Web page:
Prince William was in East Yorkshire this week for a number of charity visits.
Prince William’s trip included a visit to Goole High School to launch a new award for primary school children as Royal Patron of the charity SkillForce.
SkillForce draws on the values and skills of ex-forces personnel to inspire young people to achieve at school.
The Duke watched the youngsters take part in a team bridge-building exercise in the school yard which was inspired by the 70th anniversary of D-Day later this week.
The Duke chatted about the SkillForce initiative with staff, pupils and representatives of the charity.
The new SkillForce Junior Prince’s Award is aimed at nine and 10-year-olds, especially under-privileged children who do not have easy access to these kind of activities. It is particularly aimed as smoothing the transition for children between primary and secondary school.
The award involves team-building and problem-solving challenges, team sports, outdoor pursuits including camping, first aid, navigation, observing remembrance and community projects.
Goole High School has worked with a group of local primary schools to develop the new national award programme.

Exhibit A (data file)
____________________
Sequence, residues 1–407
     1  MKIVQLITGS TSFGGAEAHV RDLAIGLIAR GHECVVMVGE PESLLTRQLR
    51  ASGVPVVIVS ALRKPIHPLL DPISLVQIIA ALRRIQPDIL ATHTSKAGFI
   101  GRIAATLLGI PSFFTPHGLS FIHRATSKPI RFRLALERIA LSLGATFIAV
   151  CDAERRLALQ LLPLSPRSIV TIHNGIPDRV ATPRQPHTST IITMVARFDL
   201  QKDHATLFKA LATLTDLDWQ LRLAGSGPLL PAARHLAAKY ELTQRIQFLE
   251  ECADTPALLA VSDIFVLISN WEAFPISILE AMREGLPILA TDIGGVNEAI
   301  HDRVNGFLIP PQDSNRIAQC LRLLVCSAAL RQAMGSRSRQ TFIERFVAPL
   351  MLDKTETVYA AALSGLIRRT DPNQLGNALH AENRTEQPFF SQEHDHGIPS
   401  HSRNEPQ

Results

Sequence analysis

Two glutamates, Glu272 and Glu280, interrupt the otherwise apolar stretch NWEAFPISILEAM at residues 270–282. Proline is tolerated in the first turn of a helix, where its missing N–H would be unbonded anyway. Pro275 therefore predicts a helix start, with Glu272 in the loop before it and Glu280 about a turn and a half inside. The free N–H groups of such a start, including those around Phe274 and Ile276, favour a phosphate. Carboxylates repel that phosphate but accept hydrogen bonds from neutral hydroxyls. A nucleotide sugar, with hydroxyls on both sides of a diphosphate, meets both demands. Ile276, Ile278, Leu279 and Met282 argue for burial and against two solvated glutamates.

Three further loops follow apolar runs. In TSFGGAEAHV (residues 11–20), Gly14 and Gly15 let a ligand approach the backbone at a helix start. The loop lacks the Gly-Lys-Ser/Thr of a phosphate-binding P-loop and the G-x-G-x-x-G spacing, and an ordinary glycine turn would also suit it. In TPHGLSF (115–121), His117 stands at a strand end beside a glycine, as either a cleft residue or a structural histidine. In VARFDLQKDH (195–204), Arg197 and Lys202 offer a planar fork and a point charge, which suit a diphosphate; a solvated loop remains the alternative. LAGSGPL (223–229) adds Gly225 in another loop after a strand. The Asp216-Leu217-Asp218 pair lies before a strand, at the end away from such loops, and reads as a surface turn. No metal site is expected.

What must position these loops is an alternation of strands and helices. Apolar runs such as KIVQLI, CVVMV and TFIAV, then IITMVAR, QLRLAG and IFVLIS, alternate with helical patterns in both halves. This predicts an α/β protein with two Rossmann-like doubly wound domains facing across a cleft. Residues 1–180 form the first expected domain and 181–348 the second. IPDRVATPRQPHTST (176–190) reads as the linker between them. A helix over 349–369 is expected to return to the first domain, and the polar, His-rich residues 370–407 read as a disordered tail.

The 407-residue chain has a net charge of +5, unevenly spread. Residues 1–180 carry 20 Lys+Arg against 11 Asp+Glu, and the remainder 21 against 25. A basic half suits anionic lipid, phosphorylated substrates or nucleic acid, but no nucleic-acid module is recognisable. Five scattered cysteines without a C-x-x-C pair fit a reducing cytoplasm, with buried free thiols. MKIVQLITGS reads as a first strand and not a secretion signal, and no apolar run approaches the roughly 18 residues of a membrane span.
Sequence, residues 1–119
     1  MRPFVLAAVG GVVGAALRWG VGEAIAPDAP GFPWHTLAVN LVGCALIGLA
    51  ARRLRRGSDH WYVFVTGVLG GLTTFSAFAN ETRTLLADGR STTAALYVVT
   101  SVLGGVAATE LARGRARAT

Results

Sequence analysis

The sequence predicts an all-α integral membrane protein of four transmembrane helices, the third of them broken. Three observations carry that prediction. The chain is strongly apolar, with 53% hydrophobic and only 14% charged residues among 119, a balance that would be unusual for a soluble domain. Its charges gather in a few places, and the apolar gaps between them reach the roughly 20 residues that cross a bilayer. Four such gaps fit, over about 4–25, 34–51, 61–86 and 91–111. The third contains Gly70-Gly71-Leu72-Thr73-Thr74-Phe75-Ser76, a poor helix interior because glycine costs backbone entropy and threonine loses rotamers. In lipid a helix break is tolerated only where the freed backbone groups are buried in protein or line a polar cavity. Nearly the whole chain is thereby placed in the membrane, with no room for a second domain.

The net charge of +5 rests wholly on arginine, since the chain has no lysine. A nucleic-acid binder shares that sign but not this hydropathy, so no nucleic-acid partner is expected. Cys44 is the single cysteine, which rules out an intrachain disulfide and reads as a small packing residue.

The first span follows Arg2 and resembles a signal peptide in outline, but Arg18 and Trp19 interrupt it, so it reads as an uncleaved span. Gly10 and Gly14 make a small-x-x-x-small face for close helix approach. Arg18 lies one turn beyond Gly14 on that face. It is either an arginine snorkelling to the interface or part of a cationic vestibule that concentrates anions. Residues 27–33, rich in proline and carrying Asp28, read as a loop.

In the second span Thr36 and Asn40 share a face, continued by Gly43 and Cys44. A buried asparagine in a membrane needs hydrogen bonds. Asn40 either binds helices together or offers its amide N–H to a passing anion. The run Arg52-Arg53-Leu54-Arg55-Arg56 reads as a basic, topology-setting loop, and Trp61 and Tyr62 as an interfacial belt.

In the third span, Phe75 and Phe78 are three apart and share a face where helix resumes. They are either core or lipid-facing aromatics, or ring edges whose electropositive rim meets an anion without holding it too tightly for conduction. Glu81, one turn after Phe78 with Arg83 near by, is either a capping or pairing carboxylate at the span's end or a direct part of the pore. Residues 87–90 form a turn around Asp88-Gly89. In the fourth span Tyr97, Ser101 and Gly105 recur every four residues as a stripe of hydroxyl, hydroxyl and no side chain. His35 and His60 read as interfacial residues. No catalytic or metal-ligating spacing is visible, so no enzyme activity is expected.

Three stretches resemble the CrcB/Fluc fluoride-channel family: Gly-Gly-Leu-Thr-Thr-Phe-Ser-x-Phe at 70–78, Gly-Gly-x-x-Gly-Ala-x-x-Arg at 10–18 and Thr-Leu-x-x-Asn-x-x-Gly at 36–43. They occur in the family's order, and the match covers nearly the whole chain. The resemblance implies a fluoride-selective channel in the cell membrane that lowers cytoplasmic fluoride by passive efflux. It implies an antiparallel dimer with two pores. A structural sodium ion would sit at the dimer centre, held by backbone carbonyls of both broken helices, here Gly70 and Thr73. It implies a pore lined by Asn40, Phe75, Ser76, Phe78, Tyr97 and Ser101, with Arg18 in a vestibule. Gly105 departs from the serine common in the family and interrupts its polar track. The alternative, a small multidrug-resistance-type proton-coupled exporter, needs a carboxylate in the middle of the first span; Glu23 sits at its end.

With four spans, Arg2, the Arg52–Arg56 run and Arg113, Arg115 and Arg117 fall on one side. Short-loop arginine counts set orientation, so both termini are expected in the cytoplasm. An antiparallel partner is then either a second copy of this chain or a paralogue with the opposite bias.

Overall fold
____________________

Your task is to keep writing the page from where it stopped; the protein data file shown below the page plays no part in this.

Speaking before the visit, Peter Cross, Chief Executive of SkillForce, said: "The award is designed to engage younger learners in exciting lessons, challenges and community projects that prepare them for secondary education, a time when some students can begin to lose their way.
“Our programme builds up the children’s confidence, resilience, team work and problem solving to give them a boost before the start of new adventures and encourage them to take a more active role in their town, city or village.
“It’s SkillForce’s 10th birthday, and we are honoured that our Royal Patron has marked the occasion by lending his support to the Junior Prince’s Award for roll-out across the country.”
Later, The Duke travelled to West Yorkshire where he visited the youth homeless charity Centrepoint's base in Bradford and joined young people undergoing media training.
His Royal Highness followed in his mother's footsteps by taking on the patronage of Centrepoint as his first charity, influenced by memories of visiting the charity’s premises with his parents as a child.